Not all crimes are created equally. Being charged with assault is a far cry from facing sexual assault charges. Not only is there a stigma attached to sexual crimes that doesn’t come with most other illegal acts, in many cases you may find yourself up against additional penalties, including the possibility of having to appear on the sex offender registry.
Because of this, it is important to understand which offenses the State of Texas defines as sex crimes. Thankfully, the Texas legal system has a detailed list of exactly these offenses, including definitions of each.
Sex Crimes in Texas and How They are Defined
Here is a list of many of the sexual offenses included in the Texas penal codes.
Improper teacher/student relationship: a primary or secondary school instructor engages in sexual contact with a person enrolled at the school
Invasive video recording: an individual shows intent to disclose visual material with sexual acts being shown or intimate parts exposed without consent
Indecent exposure: an individual exposes himself or herself with an intent to gratify or arouse sexual desires of any person and is reckless as to whether another person present will be offended
Obscenity: an individual participates in obscene performances or promotes or distributes obscene material
Possession of child pornography: an individual knowingly or intentionally possesses visual material depicting a minor engaging in sexual conduct
Prohibited sexual conduct: an individual engages in sexual conduct with a descendant, relative, or ancestor
Prostitution: an individual publicly solicits sexual conduct or engages in sexual conduct for a fee, or an individual promotes such acts
Public lewdness: an individual knowingly engages in acts of sexual contact or intercourse with a person, bird, or animal in a public place, or is reckless as to whether another person present will be offended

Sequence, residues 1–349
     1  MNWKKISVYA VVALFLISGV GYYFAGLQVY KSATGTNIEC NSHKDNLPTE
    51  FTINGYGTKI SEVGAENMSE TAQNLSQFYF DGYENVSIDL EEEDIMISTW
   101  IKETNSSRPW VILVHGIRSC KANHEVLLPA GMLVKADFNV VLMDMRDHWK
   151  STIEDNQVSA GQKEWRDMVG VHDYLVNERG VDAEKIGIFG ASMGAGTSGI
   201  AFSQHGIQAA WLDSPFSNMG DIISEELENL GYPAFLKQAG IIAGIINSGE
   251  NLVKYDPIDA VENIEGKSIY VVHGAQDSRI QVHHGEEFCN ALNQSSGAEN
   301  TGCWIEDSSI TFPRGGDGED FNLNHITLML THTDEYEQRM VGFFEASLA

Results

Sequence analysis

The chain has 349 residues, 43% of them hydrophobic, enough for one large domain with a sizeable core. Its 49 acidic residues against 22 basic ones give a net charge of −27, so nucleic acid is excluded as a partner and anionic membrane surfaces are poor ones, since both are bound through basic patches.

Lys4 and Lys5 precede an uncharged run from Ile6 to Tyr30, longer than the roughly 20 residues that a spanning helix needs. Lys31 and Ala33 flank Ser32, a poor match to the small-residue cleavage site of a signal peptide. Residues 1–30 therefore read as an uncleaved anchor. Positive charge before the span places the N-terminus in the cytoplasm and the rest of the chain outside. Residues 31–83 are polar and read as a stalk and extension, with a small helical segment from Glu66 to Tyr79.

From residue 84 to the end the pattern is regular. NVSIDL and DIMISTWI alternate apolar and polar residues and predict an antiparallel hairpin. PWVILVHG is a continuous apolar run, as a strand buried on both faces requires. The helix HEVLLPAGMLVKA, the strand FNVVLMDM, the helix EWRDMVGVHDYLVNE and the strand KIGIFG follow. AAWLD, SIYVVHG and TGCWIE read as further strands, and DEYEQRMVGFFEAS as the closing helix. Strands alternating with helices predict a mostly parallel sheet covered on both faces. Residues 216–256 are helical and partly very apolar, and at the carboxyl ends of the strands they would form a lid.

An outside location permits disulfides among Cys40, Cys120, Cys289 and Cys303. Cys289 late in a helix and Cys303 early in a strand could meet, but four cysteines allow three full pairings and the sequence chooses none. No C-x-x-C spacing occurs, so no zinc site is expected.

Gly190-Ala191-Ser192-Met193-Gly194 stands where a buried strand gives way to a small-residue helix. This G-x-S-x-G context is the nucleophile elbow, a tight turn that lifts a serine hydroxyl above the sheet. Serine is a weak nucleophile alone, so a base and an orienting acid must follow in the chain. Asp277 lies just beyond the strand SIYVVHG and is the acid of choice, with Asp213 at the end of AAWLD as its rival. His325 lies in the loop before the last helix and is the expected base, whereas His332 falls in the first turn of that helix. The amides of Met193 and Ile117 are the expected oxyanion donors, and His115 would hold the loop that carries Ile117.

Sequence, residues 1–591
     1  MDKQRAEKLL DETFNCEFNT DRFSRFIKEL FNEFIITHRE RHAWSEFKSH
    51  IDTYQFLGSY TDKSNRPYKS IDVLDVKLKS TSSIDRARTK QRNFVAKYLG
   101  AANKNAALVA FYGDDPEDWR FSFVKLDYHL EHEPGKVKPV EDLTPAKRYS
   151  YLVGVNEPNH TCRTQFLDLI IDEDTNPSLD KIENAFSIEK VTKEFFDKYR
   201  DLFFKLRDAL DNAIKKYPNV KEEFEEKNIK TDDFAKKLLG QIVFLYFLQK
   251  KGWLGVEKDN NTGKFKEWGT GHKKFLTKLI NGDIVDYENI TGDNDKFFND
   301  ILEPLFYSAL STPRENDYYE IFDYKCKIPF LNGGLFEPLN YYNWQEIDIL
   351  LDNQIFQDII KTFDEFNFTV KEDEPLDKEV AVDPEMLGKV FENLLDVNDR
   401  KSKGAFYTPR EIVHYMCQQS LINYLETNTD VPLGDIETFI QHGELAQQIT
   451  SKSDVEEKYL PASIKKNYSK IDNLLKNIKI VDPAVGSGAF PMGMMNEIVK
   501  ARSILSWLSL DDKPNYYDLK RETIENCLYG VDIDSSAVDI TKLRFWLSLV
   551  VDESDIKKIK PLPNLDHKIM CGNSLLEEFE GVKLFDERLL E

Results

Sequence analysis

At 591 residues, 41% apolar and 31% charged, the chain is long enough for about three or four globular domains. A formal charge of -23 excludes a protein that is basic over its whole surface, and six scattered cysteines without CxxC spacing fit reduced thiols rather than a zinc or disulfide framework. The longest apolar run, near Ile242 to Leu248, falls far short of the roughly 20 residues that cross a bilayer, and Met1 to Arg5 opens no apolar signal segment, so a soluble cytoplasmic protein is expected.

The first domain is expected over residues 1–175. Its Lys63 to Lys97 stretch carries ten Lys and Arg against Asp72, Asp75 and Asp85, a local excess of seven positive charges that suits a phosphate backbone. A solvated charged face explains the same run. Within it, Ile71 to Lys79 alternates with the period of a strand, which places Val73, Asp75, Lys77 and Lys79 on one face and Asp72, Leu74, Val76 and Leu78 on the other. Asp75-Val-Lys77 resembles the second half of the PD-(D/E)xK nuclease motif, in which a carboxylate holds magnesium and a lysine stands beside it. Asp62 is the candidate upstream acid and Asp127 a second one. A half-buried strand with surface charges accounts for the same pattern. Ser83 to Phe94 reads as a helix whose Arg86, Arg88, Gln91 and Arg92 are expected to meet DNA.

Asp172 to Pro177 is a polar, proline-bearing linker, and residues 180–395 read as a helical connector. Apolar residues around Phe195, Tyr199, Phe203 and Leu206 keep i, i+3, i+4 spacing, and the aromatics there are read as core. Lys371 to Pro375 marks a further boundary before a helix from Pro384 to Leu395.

Sexual assault: an individual intentionally and knowingly engages in sexual conduct with another person without consent
Aggravated sexual assault: sexual assault plus bodily injury or threats or attempts to cause death of the victim
Sexual offenses against minors:
- Aggravated kidnapping with intent to sexually violate a minor
- Indecency with a minor
- Sexual assault or aggravated sexual assault
- Burglary with an intent to commit sexual offense
- Sex trafficking or compelling prostitution
- Sale, distribution, or display of sexually explicit material to a minor
- Sexual performance by a minor under 18 years old
- Employment harmful to minor under 18 years old in a sexually-oriented commercial enterprise
Unlawful dissemination of intimate visual content: photographs, videotapes, recordings, broadcasts, or transmissions of invasive video recordings.
Voyeurism: an individual observes another person without their consent with an intent to arouse or gratify sexual desire of the individual.
Texas Sex Crime Charges Demand a Strong Defense
If you are convicted of a sex crime, you may face many years in prison and a lifetime requirement to register as a sex offender. In many cases Texas law has tougher registry requirements than the federal law.
For example, if you are convicted of burglary with intent to commit a sexual offense, Texas law requires you to register for your lifetime, but the federal law requires 15-25 years, depending on the case.
The fines and prison sentences for convicted sexual offenders range widely and depend on the details of each case. However, you need to know that Texas courts tend to be tough on those convicted of sexual offenses.
That’s why you need the expertise of an experienced criminal defense attorney. They will be able to help you understand the unique aspects of your case and put together the strongest possible defense, but only if you get in contact first. The sooner you reach out, the better your chances of a positive outcome.
About the Author:
Brandon Fulgham has an in-depth understanding of both Texas law and Texans themselves. Before practicing law here, he received his undergraduate degree from TCU, and his law degree from South Texas College of Law in Houston. After graduation, he worked in District Attorneys’ offices as a prosecutor, building cases designed to put people behind bars. Now, he uses that knowledge to protect the rights of people in and around Fort Worth, making sure they receive the strongest possible defense when they find themselves on the wrong side of the law. He has been recognized for his work by The National Trial Lawyers, Fort Worth Magazine, and others.